The single-biggest source of carbon pollution in most U.S. cities is the building sector. Generating energy to supply buildings in Kansas City, for instance, produces 60 percent of the city’s carbon pollution; in Salt Lake City, it adds up to 74 percent. Large buildings account for about 2 percent of the number of buildings within a city, but 35 percent to 60 percent of the area. Generating the power to heat, cool, and light this area causes carbon pollution. Yet much of the energy in these buildings is wasted.
Together with the Institute for Market Transformation, NRDC launched the City Energy Project to cut energy waste in large buildings and make American cities healthier, more prosperous places to live. We partner with civic leaders and businesses in 10 cities to save consumers up to $1 billion in energy bills every year and to reduce carbon pollution by 5 to 7 million tons annually—the equivalent of taking 1 million to 1.5 million cars off the road every year.
NRDC experts collaborate with each city to develop a tailored set of proven policies and programs that dramatically improve the energy performance of its buildings. We encourage them to lead by example, ramping up efficiency in public buildings. And we work with the private sector to remove barriers to investments in efficiency. We encourage policies and programs to continually improve the equipment and operations of buildings.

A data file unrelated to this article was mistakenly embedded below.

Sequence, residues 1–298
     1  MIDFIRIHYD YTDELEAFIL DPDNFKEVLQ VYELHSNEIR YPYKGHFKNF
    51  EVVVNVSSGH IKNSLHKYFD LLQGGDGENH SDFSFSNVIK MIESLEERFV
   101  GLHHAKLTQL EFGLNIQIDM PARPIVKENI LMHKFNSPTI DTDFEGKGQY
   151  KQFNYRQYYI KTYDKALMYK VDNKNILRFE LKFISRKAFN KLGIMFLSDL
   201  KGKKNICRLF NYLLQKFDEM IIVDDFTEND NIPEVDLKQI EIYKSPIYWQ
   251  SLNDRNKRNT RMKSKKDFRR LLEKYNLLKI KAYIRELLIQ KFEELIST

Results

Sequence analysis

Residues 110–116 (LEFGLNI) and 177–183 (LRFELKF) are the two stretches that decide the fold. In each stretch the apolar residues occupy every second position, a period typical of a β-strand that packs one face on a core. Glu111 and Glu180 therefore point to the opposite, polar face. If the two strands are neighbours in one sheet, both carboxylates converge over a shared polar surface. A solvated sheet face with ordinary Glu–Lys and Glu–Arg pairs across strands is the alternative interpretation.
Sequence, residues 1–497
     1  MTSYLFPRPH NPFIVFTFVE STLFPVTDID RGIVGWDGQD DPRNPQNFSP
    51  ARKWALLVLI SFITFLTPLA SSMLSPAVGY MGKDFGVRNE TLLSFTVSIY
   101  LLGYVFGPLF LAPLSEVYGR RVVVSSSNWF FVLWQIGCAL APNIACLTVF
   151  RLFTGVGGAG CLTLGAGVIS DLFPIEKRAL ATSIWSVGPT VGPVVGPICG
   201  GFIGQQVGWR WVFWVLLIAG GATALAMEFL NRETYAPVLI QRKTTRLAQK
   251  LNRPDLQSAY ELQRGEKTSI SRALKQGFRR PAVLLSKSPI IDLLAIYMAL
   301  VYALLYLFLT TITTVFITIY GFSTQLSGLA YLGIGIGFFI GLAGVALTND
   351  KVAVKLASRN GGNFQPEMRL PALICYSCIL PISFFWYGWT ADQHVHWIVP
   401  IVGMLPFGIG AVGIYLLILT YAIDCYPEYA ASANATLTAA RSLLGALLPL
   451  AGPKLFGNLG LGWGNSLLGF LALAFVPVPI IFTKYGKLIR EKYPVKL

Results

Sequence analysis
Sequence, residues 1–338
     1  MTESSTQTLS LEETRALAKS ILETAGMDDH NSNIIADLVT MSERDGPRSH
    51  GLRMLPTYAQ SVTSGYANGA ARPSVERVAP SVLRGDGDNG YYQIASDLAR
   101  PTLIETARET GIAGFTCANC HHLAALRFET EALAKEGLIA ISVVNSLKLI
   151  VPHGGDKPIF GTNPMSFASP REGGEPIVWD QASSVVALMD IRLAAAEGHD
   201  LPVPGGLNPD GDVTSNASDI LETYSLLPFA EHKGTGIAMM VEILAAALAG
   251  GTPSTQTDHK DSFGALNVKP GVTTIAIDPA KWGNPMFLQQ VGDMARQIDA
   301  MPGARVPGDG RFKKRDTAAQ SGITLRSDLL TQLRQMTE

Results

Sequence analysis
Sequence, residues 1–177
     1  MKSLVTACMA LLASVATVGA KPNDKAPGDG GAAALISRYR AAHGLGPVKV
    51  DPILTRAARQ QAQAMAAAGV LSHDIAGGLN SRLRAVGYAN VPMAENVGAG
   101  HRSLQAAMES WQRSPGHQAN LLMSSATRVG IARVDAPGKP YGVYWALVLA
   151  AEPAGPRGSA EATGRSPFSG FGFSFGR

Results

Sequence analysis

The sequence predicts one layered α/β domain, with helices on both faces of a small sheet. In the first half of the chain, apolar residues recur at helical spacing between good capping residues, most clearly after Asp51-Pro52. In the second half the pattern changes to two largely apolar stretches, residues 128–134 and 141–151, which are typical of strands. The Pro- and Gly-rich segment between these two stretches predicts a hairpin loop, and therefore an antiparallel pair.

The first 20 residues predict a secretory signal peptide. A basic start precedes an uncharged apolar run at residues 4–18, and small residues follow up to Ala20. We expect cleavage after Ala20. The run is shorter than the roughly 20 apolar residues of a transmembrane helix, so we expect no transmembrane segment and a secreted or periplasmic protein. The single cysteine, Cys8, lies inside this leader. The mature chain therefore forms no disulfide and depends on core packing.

We have identified several key strategies. Providing information about energy use helps building owners and managers cut waste. Aligning financial incentives gives owners the capital they need to invest in efficiency and ensures they accrue benefits from these investments. And helping buildings operate better can account for roughly half of all efficiency improvements—all with little to no capital investment.
To support these advances, NRDC encourages cities to share best practices and learn from each other, creating far better results than a go-it-alone approach.